This web-site is my effort to dissent from the political culture of our time. I want to reach people who share a diversity of opinions, and are willing to involve themselves in dialogue to find better political and governmental means to continue the great American experiment to “build a more perfect Union.” It will address issues that divide us as a people, and it will seek to find new ways of looking at intransigent and persistent difficulties that we have–morally, intellectually, and politically. The web-site will bring religious perspectives to bear on the issues of our time, not in a moralistic prudish manner, but to see what insights progressive religious people might find to sort through ethical, economic, environmental, and political matters that become obstacles to the common good for all Kentuckians and all Americans.
Some of the topics I will explore in the near future include:
- health care reform
- the Stupak amendment
- economic justice and fair taxation in Kentucky
- responsible lending and putting caps on usurious interest rates
- care of creation
- the place of the arts in forming that “more perfect union”
- religious liberty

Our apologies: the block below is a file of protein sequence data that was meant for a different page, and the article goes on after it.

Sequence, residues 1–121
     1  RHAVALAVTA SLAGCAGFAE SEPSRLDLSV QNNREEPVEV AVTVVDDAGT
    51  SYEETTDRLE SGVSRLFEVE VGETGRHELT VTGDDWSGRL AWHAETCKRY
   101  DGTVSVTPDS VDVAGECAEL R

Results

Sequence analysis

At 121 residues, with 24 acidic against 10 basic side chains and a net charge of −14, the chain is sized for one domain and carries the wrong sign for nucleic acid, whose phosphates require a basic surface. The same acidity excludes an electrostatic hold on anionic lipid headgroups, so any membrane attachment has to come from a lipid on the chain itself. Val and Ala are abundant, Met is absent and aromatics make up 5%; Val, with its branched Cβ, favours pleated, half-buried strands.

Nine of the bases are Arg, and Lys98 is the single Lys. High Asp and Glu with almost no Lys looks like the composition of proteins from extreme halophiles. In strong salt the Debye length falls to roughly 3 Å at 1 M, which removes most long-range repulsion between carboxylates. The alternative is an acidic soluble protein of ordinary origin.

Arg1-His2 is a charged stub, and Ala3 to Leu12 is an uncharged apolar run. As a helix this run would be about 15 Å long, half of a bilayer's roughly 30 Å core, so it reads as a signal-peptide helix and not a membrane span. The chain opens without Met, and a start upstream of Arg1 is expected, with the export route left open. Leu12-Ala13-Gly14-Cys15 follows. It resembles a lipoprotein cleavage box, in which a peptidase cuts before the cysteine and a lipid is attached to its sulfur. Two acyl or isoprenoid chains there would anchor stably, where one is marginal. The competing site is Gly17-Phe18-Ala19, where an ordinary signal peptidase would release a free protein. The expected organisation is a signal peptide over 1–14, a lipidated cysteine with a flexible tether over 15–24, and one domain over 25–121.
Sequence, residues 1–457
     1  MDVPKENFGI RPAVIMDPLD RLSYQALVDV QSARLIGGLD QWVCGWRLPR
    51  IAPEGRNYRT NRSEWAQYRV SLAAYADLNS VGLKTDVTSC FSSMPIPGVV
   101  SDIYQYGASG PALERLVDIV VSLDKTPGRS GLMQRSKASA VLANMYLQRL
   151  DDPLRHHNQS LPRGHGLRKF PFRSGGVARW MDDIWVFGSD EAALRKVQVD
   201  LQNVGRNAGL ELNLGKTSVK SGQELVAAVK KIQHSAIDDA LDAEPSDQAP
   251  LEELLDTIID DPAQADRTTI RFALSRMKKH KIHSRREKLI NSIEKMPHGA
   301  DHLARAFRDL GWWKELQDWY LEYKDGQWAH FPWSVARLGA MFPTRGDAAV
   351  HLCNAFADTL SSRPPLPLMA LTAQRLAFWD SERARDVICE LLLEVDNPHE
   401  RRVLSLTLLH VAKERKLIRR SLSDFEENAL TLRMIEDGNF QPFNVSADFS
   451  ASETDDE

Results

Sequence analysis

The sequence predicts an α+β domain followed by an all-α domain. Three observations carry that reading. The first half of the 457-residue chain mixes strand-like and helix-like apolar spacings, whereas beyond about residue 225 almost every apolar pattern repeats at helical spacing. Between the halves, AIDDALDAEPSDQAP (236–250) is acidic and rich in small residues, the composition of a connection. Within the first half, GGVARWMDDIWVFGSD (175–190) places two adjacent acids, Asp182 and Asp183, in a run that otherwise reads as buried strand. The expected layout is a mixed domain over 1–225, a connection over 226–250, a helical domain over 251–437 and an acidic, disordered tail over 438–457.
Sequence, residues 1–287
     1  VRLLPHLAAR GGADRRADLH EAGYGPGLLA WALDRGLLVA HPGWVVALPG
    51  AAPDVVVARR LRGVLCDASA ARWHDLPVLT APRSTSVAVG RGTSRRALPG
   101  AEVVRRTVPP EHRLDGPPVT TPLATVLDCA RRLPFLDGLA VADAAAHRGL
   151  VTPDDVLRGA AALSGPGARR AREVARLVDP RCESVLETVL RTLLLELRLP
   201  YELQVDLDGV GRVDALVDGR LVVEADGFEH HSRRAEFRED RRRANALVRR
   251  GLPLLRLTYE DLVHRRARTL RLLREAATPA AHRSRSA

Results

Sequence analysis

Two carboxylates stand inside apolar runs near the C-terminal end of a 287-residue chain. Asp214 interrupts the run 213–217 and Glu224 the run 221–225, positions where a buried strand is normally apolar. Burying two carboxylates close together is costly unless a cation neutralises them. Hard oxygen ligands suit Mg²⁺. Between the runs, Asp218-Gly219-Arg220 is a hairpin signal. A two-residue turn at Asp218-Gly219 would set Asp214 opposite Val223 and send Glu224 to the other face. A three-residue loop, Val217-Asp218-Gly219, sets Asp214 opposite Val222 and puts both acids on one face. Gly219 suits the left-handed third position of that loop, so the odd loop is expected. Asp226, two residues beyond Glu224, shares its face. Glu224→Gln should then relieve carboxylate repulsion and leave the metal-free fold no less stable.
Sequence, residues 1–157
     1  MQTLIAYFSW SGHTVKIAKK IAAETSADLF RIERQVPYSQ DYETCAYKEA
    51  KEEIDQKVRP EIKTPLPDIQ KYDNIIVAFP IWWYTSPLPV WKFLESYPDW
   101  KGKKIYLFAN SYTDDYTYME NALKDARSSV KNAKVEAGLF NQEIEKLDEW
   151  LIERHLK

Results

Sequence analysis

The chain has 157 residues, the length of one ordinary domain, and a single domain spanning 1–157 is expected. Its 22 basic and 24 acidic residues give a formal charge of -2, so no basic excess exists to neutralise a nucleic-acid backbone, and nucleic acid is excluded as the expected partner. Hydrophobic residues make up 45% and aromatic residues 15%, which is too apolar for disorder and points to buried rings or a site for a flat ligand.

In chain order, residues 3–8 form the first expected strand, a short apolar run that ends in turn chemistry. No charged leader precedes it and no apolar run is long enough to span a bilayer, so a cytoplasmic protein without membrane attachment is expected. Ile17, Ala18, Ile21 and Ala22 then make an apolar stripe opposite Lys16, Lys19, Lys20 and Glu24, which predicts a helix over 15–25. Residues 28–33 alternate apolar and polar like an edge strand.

A disclosure of perspective (or some might say, bias): At the end of a long professional career as an ordained minister, in which I spent the last 18 years as the director of an ecumenical council of churches, I would describe myself now as something of a reluctant Christian. By that I mean that although I am an ardent follower of Jesus, I am also one who feels that much of his message and the meaning of his life and death have been distorted by Christian religion in ways that belittle human responsibility and in ways which have caused millions of people great harm. I appreciate and respect the insights of other great faiths and religions, and believe that together, with our moral commitments to community well-being, compassion, kindness, justice, and peace, religion still has much to offer our world, our nation, and our Commonwealth–without having to make any one religion the civil religion, merely tolerating those of other religions or no religion.